helicity#

import ampform.helicity

Generate an amplitude model with the helicity formalism.

class HelicityModel(intensity: PoolSum, amplitudes: Mapping[Indexed, Expr], parameter_defaults: Mapping[Basic, ParameterValue], kinematic_variables: Mapping[Symbol, Expr], components: Mapping[str, Expr], reaction_info: ReactionInfo)[source]#

Bases: object

intensity: PoolSum[source]#

Main expression describing the intensity over kinematic_variables.

amplitudes: OrderedDict[Indexed, Expr][source]#

Definitions for the amplitudes that appear in intensity.

The main intensity is a sum over amplitudes for each initial and final state helicity combination. These amplitudes are indicated with as sp.Indexed instances and this attribute provides the definitions for each of these. See also TR-014.

parameter_defaults: ParameterValues[source]#

A mapping of suggested parameter values.

Keys are Basic instances from the main expression that should be interpreted as parameters (as opposed to kinematic_variables). The symbols are ordered alphabetically by name with natural sort order (natural_sorting()). Values have been extracted from the input ReactionInfo.

kinematic_variables: OrderedDict[Symbol, Expr][source]#

Expressions for converting four-momenta to kinematic variables.

components: OrderedDict[str, Expr][source]#

A mapping for identifying main components in the expression.

Keys are the component names (str), formatted as LaTeX, and values are sub- expressions in the main expression. The mapping is an OrderedDict that orders the component names alphabetically with natural sort order (natural_sorting()).

reaction_info: ReactionInfo[source]#
property expression: Expr[source]#

Expression for the intensity with all amplitudes fully expressed.

Constructed from intensity by substituting its amplitude symbols with the definitions with amplitudes.

rename_symbols(renames: Iterable[tuple[str, str]] | Mapping[str, str]) HelicityModel[source]#

Rename certain symbols in the model.

Renames all Symbol instance that appear in expression, parameter_defaults, components, and kinematic_variables. This method can be used to couple parameters.

Parameters:

renames – A mapping from old to new names.

Returns:

A new instance of a HelicityModel with symbols in all attributes renamed accordingly.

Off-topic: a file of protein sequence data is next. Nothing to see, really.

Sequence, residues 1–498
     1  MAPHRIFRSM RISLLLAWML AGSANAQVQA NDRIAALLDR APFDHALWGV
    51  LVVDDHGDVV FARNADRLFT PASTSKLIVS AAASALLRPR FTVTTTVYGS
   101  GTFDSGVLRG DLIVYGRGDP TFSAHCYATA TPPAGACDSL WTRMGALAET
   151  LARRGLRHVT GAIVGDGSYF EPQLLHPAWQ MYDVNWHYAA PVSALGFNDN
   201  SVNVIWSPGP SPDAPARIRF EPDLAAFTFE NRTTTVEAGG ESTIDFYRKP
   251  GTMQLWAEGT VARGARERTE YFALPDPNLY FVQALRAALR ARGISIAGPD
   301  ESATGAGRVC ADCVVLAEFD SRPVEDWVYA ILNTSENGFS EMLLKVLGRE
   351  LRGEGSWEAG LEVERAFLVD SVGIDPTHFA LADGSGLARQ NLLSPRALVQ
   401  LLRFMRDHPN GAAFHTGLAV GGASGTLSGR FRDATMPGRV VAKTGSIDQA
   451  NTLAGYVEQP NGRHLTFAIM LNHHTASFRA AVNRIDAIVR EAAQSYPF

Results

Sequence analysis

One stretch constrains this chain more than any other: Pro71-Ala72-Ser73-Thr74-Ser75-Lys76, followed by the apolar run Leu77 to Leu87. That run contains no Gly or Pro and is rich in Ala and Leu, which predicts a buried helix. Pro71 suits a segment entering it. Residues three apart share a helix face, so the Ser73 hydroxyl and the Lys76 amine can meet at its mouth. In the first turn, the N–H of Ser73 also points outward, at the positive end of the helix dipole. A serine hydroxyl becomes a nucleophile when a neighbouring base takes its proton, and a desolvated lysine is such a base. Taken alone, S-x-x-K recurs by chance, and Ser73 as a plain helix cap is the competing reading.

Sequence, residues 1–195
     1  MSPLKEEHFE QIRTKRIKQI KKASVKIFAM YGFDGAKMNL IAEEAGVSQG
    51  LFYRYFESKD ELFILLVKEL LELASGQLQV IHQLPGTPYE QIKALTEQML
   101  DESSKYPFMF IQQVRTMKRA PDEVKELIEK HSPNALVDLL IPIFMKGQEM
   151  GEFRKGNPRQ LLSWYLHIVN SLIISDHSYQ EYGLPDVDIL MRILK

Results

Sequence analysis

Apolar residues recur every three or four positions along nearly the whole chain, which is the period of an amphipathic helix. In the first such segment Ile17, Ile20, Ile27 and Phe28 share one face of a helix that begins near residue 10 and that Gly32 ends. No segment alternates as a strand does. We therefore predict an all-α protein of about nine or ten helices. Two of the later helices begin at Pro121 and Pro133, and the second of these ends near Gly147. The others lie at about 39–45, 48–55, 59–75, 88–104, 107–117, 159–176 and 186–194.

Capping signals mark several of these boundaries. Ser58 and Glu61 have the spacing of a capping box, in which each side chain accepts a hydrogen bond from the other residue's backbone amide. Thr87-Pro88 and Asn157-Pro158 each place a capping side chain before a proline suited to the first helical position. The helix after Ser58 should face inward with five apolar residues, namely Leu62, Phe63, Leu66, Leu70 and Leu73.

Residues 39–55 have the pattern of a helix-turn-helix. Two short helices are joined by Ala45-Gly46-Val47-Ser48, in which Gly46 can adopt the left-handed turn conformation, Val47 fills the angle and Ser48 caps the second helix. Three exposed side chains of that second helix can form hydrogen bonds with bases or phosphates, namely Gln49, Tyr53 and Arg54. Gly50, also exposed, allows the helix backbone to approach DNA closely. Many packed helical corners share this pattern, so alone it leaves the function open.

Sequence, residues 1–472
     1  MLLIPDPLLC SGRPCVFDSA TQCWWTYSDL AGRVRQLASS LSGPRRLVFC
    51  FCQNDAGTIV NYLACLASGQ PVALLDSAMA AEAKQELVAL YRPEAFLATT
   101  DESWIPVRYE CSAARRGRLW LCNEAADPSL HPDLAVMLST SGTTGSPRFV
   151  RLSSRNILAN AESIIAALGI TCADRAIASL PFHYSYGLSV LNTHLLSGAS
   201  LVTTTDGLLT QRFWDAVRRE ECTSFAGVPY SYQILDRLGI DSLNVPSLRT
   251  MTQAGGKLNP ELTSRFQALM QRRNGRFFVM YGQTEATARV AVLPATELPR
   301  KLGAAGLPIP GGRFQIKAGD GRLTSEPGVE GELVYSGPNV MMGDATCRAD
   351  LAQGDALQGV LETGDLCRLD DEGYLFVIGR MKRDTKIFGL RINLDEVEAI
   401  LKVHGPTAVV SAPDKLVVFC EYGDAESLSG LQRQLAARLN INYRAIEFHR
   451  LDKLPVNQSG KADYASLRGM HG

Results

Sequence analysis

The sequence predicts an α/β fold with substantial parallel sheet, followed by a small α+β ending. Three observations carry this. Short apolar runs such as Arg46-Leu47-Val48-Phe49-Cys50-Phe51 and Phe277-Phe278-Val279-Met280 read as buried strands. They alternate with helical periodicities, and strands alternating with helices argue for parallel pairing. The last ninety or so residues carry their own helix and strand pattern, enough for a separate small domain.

sum_components(components: Iterable[str]) Expr[source]#

Coherently or incoherently add components of a helicity model.

class ParameterValues(parameters: Mapping[Basic, float | complex | int])[source]#

Bases: Mapping

Ordered mapping to ParameterValue with convenient getter and setter.

This class makes it possible to search through a mapping of sympy symbols to their values (a “parameter mapping”) by symbol name or by index in the (ordered) dictionary.

>>> a, b, c = sp.symbols("a b c")
>>> parameters = ParameterValues({a: 0.0, b: 1 + 1j, c: -2})
>>> parameters[a]
0.0
>>> parameters["b"]
(1+1j)
>>> parameters["b"] = 3
>>> parameters[1]
3
>>> parameters[2]
-2
>>> parameters[2] = 3.14
>>> parameters[c]
3.14
__getitem__(key: Basic | int | str) float | complex | int[source]#
__setitem__(key: Basic | int | str, value: float | complex | int) None[source]#
ParameterValue#

Allowed value types for parameters.

alias of Union[float, complex, int]

class DynamicsSelector(transitions: ReactionInfo | Iterable[StateTransition])[source]#

Bases: Mapping

Configure which ResonanceDynamicsBuilder to use for each node.

assign(selection, builder: ResonanceDynamicsBuilder) None[source]#
assign(decay: TwoBodyDecay, builder: ResonanceDynamicsBuilder) None
assign(transition_node: tuple[StateTransition, int], builder: ResonanceDynamicsBuilder) None
assign(particle_name: str, builder: ResonanceDynamicsBuilder) None
assign(particle: Particle, builder: ResonanceDynamicsBuilder) None

Assign a ResonanceDynamicsBuilder to a selection of nodes.

Currently, the following types of selections are implements:

class HelicityAmplitudeBuilder(reaction: ReactionInfo, stable_final_state_ids: Iterable[int] | None = None, scalar_initial_state_mass: bool = False)[source]#

Bases: object

Amplitude model generator for the helicity formalism.

Parameters:
  • reaction – The ReactionInfo from which to formulate() an amplitude model.

  • stable_final_state_ids – Put final state ‘invariant’ masses (\(m_0, m_1, \dots\)) under HelicityModel.parameter_defaults (with a scalar suggested value) instead of kinematic_variables (which are expressions to compute an event-wise array of invariant masses). This is useful if final state particles are stable.

  • stable_final_state_ids